Subtitled ‘A Comedy of Murders’, Chaplin’s outspoken dark horse begins at the end, on Henri Verdoux’s grave stone with him speaking frankly about his late life career as a bluebeard. After 35 years behind the counter as a banker, he lost his job to the depression and found himself in need of a new »
- Jordan M. Smith
Article by Dan Clark
The Academy Awards have a long tradition of awarding the best and the brightest in the world of movies. Hollywood’s biggest night is the ideal time for film legends to be recognized. Unfortunately the Oscars are also well known for dropping the ball on occasion. Some of the best actors to ever have graced the silver screen never hoisted that golden statue. Sure they attempt to remedy that at times by giving out Honorary Awards to make up for their biggest oversights, but to me that’s nothing more than a giant comp out. With that in mind I have compiled a list of the greatest actors to never have won an Oscar. Like the Oscars I’m sure there are many that deserve to be on this list that didn’t make the cut so feel free to honor them in the comment section »
This is what one would call "a weekend killer." Hulu has the complete (or at least most, there's a couple I couldn't find) Criterion Collection up on its site for the weekend. Every decade since the 1920s is represented including classics like Seven Samurai, The Great Dictator, Eraserhead, and Cronos. Weirdly enough I couldn't find any Wes Anderson films, Fear And Loathing In Las Vegas, or Withnail & I, but there are still plenty to choose from. This is a great opportunity »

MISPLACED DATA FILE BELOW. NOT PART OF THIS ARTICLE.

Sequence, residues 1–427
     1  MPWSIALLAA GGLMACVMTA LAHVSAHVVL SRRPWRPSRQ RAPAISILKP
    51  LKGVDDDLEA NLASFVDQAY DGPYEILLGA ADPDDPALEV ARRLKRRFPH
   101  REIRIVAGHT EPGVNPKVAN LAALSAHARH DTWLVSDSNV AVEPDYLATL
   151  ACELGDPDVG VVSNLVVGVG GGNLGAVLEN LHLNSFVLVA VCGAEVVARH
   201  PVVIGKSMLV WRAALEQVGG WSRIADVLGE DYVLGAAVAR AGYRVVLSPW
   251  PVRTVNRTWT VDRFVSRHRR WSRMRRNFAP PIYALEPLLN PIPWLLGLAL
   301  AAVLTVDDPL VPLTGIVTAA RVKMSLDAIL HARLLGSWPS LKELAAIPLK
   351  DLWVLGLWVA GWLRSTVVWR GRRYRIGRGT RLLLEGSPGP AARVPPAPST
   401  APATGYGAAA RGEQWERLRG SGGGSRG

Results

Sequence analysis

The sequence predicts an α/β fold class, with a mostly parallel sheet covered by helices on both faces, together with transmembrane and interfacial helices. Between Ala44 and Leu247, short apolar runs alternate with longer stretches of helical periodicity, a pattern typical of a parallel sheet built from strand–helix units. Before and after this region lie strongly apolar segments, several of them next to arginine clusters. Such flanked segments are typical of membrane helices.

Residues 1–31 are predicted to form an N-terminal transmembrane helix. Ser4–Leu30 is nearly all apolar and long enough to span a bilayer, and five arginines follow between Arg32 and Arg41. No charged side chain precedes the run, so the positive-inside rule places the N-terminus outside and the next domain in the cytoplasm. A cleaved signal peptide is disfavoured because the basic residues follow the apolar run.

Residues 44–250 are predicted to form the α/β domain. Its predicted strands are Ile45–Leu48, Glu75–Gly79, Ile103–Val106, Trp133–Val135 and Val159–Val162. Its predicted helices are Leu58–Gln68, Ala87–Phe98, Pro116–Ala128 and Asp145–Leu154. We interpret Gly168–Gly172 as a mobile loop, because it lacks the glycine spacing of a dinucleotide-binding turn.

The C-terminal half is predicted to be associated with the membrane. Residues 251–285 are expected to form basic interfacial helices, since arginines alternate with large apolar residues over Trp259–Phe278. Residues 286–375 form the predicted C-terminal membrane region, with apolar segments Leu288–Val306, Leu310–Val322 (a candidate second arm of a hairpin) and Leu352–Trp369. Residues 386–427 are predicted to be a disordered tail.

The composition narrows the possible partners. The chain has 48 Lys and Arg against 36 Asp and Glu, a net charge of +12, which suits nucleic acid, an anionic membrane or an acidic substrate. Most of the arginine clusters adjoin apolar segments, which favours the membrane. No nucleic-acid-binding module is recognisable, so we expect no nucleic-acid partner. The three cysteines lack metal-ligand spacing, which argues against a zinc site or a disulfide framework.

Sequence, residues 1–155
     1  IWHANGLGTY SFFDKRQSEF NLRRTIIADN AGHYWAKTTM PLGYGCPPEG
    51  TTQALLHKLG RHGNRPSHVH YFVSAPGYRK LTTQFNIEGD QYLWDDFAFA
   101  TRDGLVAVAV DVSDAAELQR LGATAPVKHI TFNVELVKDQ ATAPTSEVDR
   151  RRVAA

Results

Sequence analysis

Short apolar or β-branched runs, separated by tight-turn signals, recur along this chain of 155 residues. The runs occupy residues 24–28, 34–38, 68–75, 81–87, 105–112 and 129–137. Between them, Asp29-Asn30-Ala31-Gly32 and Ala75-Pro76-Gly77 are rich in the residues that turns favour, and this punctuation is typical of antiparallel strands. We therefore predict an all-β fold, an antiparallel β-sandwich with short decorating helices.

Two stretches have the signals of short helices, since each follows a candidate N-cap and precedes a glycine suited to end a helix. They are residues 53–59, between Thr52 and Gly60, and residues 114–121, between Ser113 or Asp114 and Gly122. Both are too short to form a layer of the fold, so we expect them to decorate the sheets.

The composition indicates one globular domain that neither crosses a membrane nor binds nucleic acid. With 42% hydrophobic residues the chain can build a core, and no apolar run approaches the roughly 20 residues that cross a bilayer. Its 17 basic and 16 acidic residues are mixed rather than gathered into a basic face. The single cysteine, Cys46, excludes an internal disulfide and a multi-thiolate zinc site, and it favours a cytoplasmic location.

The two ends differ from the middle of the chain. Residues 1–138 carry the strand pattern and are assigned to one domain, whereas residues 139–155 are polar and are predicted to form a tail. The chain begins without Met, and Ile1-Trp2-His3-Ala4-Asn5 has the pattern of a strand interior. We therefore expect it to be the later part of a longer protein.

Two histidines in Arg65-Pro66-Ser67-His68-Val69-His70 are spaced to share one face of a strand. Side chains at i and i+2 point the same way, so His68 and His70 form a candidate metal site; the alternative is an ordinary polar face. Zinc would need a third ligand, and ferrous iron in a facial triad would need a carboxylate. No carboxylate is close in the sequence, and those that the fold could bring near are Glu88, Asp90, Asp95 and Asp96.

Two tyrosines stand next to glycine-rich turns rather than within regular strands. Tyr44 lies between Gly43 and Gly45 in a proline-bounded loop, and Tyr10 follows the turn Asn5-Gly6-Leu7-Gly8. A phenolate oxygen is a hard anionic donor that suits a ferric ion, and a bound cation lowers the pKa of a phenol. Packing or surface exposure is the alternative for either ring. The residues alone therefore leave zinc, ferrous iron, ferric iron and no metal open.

- Jesse Giroux
By Joey Magidson
I’ve always had a soft spot for films that are directed by actors. In one of my recent pieces, I spoke about how the Academy looks at actors who direct. Now, I’ll be continuing my interest by focusing in on which of these multi-hyphenates are the best at what they do.
By and large, the films that actors make when they choose directorial projects have some sort of significance for them or at least play to their strengths, so disasters are few and far between. This makes it a lot of fun to celebrate the best of the bunch, since I’m able to draw from a larger pool than you normally can when looking at one particular type of filmmaker.
I take some comfort in knowing that most films directed by actors tend to be at least decent, if not better. I »
- Joey Magidson
Just released in UK cinemas, Quartet is Dustin Hoffman’s directorial debut. He has followed the path of many great actors before him that have turned their attentions and talents towards directing. In this Top 10 we take a look at some other note-worthy actors turned directors to put on your must watch list.
Sean Penn - With a career like Sean Penn’s, which includes award-winning films Dead Man Walking, I Am Sam and Milk, he was set as a Hollywood legend. Wanting more, Penn decided to follow in his father Leo Penn’s footsteps and begin directing. Thankfully he did pick up the camera or we wouldn’t have film greats like The Indian Runner, The Crossing Guard, The Pledge and Into the Wild.
12 items from 2013